As some of you will remember, the last time I visited Health & Beauty Bournemouth, I was suffering with a serious case of inflamed acne, the like of which were treated (along with some topical meds from the doctor) at the salon, with a chemical peel and LED light therapy. That’s not to say I don’t get hormonal flare ups, but my spots are nowhere near the extremity of before and it has made the world of difference to my life on a daily basis; being able to walk taller, and be confident in my own skin. Fast-forward 3 months and whilst yes my acne has cleared up, I now have some residual scaring from spots I couldn’t leave well alone, so I went in search of the perfect treatment to tackle said scaring and give me a glowing complexion in the process and I found the very thing, in the form of ‘Dermaplaning’.
If you haven’t heard of it before, Dermaplaning is the ridding of dead skin cells and vellus hair (AKA peach fuzz) using specialist techniques and a surgical scalpel—sorry, what was that last part?! If you’re just finding out for the first time that this treatment essentially involves a blade, then you’re probably a little shocked, but in truth we’ve used specialist blades in beauty therapy for centuries, not to mention the fact that 90% of us use them to remove our bodily hair on a bi-daily (or monthly—no judgment) basis. The issue for a lot of people is that whilst shaving their legs is one thing, removing skin from their face can sound a little daunting, which is why I decided to brave it for us all.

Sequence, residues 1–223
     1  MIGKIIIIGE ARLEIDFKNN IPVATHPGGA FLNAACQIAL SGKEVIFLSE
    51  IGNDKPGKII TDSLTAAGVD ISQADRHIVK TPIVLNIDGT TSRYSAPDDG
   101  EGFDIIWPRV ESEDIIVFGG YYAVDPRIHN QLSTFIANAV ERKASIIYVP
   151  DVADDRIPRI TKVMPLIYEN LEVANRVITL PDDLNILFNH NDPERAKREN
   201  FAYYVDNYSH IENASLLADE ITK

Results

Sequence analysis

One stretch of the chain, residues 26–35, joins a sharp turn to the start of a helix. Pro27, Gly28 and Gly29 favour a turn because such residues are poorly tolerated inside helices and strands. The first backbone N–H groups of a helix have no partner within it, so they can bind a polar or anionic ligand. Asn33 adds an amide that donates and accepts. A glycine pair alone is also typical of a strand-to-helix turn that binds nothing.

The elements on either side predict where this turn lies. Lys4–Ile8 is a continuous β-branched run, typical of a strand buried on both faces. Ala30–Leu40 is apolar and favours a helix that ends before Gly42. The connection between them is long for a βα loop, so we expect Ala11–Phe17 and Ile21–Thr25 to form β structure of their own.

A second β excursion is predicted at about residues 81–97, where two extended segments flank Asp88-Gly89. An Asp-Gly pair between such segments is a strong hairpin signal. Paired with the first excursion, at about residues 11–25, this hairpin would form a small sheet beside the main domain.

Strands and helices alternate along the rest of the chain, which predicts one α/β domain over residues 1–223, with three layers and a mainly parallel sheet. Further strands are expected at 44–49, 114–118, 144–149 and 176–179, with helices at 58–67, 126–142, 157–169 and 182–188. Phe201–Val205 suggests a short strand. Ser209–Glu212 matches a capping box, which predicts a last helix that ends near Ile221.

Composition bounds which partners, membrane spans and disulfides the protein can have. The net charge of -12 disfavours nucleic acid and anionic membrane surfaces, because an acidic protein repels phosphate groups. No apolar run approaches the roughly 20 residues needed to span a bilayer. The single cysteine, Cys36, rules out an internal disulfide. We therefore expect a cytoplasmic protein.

Ok, so now you know what it is, you probably want to know why someone would get it done? First off, you know that whispery hair that grows on your face? Well, that can cause unwanted dirt and bacteria to build up on top the skin and block the pores, and eventually leads to spots. But if what we’ve always been told about shaving our facial hair is true, then the hair will surely grow back thicker and darker? WRONG. It’s a common misconception, but it’s not the case with regards to this treatments. The hair will grow back eventually, but no more than what was already there, and certainly not darker.
Dermaplaning is also great for removing and dead skin cells, which not only leaves your skin smoother, but it equally allows your make-up to go on better, and your skincare to absorb more easily too.
With all this in mind, I had to find out what it was really like for myself.
The treatment began with parts of classic facial—cleanse, gentle exfoliation, and tone. Then soon enough it was time to go “under the knife” as it were. Francesca (Owner/Therapist, Health & Beauty Bournemouth) began by checking the surface of my skin for any dry areas, which she applied facial oil to, where necessary. We started the surgical exfoliation (the actual knife work itself) with my forehead, and honestly it really wasn’t painful. I wouldn’t say I have a particularly high, or low threshold for pain, but all I can say is I could probably hear the scraping more than I could feel it. Francesca was meticulous in getting every little bit of my face smooth, and even gave my nose a good old-fashioned blackhead squeeze—not pretty, but pretty necessary in my case (damn hereditarily large pores).
True to its promise, the treatment has left the surface of my skin really smooth. My Skincare seems to be sinking in a lot better, and equally my make-up is going on smother too. The scaring has definitely reduced, but not gone entirely, which I imagine means I’d need to go for a couple more treatments to fully get rid of it. The vellus hair (peach fuzz) on my face has not grown back darker, nor more ferociously and I am pleased to announce that I am not walking around a real life bearded lady. The pores on my nose—which Fransecsa worked the most on—have shrunk, and I’m sure with continued treatment could even disappear further.
The fear of the treatment itself is far far worse than the actual procedure, and it will leave your skin smooth, soft and peach fuzz free for weeks (if not months) after.
By Charlotte Williams